Buxton's orange river: Here's the reason Wye this Derbyshire waterway changes colour

Complimenting the stunning autumnal colours in Buxton's Pavilion Gardens, the river Wye has turned a vivid orange colour. Photo: Rod Kirkpatrick / F Stop Press.
Complimenting the stunning autumnal colours in Buxton's Pavilion Gardens, the river Wye has turned a vivid orange colour. Photo: Rod Kirkpatrick / F Stop Press.

Buxton residents will tell you it's a common sight and no cause for alarm, but the town's river is running ORANGE again.

The river Wye, which flows through the Derbyshire spa town, turned a vivid autumnal shade over the weekend.

The colour change is a natural phenomenon. Photo: Rod Kirkpatrick / F Stop Press.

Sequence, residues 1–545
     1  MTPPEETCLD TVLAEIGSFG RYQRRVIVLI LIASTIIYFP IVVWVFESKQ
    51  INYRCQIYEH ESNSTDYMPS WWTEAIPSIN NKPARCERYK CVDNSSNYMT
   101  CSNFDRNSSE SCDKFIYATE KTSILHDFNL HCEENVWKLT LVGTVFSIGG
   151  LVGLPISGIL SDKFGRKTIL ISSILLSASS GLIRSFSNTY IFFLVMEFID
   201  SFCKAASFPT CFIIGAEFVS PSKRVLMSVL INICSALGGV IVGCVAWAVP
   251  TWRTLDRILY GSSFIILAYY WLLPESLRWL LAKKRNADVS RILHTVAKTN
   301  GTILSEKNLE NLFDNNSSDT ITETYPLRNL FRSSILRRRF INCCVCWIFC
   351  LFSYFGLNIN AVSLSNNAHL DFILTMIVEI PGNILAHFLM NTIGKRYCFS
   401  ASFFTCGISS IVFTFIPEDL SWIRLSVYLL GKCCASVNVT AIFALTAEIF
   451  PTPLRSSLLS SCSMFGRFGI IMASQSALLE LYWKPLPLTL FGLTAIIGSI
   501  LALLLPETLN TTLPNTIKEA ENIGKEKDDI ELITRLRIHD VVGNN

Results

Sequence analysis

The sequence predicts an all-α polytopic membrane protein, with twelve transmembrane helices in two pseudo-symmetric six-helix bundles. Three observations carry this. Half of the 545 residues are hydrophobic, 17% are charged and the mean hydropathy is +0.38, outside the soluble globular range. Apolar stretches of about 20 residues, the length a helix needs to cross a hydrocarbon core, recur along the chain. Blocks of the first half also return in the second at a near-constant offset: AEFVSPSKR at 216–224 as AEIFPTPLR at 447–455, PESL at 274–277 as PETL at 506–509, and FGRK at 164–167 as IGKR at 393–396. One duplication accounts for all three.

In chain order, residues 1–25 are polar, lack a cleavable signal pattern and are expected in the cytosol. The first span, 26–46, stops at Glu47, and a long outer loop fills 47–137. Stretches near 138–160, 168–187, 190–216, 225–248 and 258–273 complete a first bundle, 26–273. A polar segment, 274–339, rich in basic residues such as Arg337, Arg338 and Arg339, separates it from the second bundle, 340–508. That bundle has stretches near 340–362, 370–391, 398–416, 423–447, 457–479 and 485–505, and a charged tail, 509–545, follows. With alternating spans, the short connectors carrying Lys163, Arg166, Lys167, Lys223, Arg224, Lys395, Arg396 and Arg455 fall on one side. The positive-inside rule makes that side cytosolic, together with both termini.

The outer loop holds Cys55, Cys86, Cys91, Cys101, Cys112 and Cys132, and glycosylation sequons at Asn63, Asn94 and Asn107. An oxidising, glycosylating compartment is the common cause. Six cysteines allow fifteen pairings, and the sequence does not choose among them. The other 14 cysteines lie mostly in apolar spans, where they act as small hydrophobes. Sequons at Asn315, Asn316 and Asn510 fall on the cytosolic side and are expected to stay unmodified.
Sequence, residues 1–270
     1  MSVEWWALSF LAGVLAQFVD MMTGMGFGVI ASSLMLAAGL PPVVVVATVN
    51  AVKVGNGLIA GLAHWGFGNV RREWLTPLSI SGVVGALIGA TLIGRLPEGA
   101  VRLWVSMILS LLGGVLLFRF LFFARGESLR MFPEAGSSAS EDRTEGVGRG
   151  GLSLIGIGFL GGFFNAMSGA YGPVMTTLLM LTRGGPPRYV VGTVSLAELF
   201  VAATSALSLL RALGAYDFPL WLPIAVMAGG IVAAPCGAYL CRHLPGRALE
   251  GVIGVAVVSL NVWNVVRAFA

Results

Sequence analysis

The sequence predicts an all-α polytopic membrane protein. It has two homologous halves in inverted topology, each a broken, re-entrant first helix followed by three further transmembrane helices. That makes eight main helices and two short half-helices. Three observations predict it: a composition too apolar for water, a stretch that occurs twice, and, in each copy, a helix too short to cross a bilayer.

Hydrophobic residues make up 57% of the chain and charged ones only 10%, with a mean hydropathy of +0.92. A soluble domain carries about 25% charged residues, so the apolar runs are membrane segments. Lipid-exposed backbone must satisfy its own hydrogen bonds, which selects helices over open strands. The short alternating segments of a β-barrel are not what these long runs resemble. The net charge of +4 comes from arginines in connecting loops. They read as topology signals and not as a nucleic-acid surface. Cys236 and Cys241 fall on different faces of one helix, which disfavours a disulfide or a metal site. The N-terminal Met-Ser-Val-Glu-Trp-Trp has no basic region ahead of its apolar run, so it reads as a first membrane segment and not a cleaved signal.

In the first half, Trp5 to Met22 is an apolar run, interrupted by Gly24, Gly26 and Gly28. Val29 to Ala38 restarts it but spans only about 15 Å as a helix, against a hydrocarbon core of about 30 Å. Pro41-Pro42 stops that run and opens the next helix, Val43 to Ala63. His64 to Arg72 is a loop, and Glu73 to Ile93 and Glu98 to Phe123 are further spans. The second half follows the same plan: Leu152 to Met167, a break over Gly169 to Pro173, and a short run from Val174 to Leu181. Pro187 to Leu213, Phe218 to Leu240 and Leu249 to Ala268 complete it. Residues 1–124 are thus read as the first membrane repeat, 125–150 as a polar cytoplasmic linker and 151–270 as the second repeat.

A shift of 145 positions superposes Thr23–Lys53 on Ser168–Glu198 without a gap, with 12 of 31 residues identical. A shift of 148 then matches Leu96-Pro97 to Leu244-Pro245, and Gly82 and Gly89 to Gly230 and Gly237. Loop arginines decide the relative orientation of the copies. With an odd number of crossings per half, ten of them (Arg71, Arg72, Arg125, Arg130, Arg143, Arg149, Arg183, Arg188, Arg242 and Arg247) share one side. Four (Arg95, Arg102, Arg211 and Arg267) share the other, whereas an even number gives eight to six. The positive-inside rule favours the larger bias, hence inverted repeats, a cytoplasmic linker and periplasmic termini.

The colour change is a natural phenomenon. Photo: Rod Kirkpatrick / F Stop Press.

Its vibrant hue is the result of water flowing through old underground mine workings and washing sediment from the rocks.

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The phenomenon regularly occurs during prolonged periods of heavy rain.

A spokesperson from the Environment Agency explained: "This occurs in areas that have historically been mined for coal.

The two-tone river through Ashwood Park. Photo: John Bradburn.

The two-tone river through Ashwood Park. Photo: John Bradburn.

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"It is caused when the groundwater runs through the coal workings and picks up iron which, when exposed to the atmosphere, forms iron oxide and can make the river turn orange in colour.

“Such an incident has occurred in this area on many previous occasions and we are not aware of any significant harm to wildlife or the environment.”

The river runs orange! Photo by John Bradburn.

The river runs orange! Photo by John Bradburn.